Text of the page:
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1

To quote a source as you also noted: Copper hydroxide Cu(OH)2 is metastable. It easily transforms into copper oxide CuO more stable, either in the solid state by a thermal dehydration or at room temperature, in aqueous basic solutions. In the solid state, the transformation is performed at a relatively low temperature, 423 K. In the current case, a basic ...


3

I think the point that you're missing is that $\ce{Fe2O3}$ is never formed when there is $\ce{Zn}$ in the system. When the metal gets oxidized, the electrons come from the $\ce{Zn}$, not from the $\ce{Fe}$. This is true even if the physical location of the oxidation is on the iron, since the $\ce{Fe}$ and $\ce{Zn}$ are connected and conductive, so all of the ...


-2

Let's discuss the problem in a qualitative way. In such a cell, the metal will get dissolved in the right-hand side of the cell, where the concentration is low, so that $[M^{z+}]$ increases in this compartment, which becomes the anode. In the left-hand side, the ions $[M^{z+}]$ are discharged and deposited as a metal layer on the electrode, which is the ...


0

You are mixing two areas, electrode kinetics and electrode thermodynamics. If we have 3 apples and 2 oranges, this is not equal to 5 oranges or 5 apples but there are 5 fruits in total. Electrode thermodynamics tells you a "yes" or "no" answer in the sense that it is saying the reaction is spontaneous or not. Electrode kinetics tells you how fast the ...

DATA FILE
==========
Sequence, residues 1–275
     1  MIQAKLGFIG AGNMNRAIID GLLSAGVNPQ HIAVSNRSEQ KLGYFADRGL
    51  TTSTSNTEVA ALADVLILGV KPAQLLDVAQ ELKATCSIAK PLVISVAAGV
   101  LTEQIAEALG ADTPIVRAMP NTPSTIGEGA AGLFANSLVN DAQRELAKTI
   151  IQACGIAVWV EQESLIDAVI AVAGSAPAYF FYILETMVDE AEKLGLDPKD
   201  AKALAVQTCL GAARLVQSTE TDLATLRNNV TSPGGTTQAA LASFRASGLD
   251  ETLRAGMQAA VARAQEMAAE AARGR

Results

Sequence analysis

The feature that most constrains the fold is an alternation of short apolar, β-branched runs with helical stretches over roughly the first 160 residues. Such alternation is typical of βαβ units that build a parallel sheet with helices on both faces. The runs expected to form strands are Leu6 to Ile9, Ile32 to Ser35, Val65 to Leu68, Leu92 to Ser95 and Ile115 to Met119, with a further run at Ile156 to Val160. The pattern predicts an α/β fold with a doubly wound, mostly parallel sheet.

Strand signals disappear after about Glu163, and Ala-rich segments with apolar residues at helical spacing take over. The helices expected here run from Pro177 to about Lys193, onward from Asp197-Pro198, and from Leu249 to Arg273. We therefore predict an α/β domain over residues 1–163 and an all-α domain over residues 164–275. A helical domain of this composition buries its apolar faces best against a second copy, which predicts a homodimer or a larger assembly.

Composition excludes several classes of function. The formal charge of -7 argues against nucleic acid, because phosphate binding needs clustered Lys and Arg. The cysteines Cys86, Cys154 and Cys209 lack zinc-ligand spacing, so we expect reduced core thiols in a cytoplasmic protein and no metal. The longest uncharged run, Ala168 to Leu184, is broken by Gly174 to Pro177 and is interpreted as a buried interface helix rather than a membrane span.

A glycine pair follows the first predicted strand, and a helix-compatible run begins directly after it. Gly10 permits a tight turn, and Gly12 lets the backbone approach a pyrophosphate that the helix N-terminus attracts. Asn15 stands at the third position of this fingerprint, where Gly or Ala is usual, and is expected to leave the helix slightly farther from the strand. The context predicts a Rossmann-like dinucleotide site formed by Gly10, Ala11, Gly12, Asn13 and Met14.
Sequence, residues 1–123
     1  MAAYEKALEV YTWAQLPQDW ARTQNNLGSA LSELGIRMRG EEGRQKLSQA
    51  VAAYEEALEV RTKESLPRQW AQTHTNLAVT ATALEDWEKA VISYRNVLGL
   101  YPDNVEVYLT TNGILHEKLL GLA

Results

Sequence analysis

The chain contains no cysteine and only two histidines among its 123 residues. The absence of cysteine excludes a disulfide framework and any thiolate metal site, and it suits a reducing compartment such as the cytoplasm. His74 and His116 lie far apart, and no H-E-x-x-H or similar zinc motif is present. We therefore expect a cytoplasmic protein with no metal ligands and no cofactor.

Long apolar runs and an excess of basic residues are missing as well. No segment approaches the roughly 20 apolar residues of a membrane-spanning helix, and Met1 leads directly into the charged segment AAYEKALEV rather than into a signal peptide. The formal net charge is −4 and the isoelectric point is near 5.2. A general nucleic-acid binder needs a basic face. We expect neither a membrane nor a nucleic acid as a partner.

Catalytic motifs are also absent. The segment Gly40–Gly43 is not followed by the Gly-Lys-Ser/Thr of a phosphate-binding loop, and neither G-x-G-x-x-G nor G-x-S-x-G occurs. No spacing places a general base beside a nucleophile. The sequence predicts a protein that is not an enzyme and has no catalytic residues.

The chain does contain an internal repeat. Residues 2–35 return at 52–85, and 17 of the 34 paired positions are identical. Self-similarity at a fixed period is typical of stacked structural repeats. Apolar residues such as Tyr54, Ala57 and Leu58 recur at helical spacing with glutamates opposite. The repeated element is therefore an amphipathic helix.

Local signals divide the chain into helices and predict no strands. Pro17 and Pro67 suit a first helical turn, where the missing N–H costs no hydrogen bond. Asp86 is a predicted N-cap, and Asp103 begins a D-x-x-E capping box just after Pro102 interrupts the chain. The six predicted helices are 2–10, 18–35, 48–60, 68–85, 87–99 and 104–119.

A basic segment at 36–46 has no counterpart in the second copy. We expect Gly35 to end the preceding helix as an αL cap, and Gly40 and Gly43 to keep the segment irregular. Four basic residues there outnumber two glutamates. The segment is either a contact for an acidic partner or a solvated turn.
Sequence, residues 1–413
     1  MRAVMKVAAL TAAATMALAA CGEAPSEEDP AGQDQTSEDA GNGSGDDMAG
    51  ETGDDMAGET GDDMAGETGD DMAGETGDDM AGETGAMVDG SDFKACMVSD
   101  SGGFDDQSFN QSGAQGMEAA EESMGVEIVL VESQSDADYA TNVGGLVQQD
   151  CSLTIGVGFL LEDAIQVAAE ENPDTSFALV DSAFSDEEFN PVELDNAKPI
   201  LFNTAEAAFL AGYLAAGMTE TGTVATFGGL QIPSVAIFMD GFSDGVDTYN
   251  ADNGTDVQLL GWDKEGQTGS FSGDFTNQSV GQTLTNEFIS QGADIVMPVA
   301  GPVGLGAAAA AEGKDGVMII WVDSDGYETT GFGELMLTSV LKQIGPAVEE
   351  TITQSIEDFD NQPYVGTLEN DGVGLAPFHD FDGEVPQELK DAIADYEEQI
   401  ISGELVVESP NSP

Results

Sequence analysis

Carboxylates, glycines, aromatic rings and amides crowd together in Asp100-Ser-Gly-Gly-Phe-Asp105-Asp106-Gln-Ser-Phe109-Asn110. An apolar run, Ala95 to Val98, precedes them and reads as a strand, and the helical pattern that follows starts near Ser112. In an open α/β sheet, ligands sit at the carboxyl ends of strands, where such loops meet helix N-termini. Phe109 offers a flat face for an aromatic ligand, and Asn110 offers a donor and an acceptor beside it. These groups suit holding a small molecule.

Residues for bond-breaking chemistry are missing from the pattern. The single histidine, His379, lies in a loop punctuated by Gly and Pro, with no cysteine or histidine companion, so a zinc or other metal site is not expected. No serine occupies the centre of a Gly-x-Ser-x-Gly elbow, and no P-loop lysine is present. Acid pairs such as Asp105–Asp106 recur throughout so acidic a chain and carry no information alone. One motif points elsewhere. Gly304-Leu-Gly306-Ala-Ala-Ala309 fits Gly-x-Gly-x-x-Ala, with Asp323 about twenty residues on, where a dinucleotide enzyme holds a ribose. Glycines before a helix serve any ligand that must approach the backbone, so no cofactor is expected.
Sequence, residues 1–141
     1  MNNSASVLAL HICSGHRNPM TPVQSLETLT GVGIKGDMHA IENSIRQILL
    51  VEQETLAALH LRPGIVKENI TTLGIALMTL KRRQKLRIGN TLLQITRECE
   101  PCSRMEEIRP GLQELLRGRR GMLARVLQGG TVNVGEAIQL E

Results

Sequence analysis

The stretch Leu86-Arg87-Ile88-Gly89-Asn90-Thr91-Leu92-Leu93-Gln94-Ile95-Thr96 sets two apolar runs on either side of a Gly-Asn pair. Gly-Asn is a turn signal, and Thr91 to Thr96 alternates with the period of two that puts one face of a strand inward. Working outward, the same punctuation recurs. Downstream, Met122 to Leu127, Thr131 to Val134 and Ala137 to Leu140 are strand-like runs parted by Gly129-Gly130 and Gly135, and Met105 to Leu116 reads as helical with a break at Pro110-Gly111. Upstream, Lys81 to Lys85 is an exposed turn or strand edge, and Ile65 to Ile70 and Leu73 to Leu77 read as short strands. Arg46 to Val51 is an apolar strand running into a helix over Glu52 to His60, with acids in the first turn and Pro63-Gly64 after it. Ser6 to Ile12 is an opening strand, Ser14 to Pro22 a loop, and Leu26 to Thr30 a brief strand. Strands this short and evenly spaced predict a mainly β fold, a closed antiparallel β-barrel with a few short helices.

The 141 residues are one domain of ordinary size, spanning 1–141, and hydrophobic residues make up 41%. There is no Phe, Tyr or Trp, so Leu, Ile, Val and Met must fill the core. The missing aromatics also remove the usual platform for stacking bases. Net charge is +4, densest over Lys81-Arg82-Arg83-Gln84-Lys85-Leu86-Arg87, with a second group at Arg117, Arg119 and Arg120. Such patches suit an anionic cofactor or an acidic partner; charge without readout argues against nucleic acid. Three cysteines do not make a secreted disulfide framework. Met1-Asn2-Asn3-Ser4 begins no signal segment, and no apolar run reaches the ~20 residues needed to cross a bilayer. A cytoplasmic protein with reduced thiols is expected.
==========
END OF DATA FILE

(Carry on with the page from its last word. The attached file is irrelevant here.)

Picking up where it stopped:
2

We know, $$\lambda_c = \frac{(\text{Specific Conductivity})}{1000 \times c}$$ $$\alpha\lambda_\infty = \lambda_c$$ (where $c$ is concentration in moles per litres of the electrolyte and $\alpha$ is degree of dissociation of the electrolyte) $\lambda_{\infty}$ of water (the electrolyte) is the sum of $\lambda_{\infty}$ of $\ce{H+}$ and $\ce{OH-}$. From ...


2

It is a very good questions from a student who seems to be thinking deeply. I have been thinking to write on this topic for the last 7-8 years. In short the poles of the batteries are electrostatically charged and one can actually "sense" this charge with the help of sensitive electroscopes which were known in the time of Volta. The label anode or cathode ...


-1

An anode is the place where oxidation occurs. In a galvanic cell, like the Daniell cell ($Zn - Cu$), the $Zn$ is oxidized at the Minus pole. $Zn$ is oxidized into $Zn^{2+}$ ion and the electrons are sent in the electric connexion going to the $Cu$ electrode. $Zn$ is the anode (negative sign) and $Cu$ is the cathode (positive sign) If the same setup is used ...


0

Here are my comments on the associated chemistry not usually discussed in presentations of the Daniell cell (see, for example, this overly simple rendition). The electrochemistry starts with a divided galvanic cell with the zinc displacing the copper metal from the aqueous CuSO4 (see prior reference for half-cell reactions). Importantly, the concentrated ...


0

If you plate the pieces with zinc or silver, the main source of zinc/silver in the ground coffee will be from abrasion between the parts and the coffee beans and not from chemical attack. A few milligrams of zinc or silver (or iron for that matter) won't to do any harm to your health, specially if diluted in many coffee cups along several months or years. ...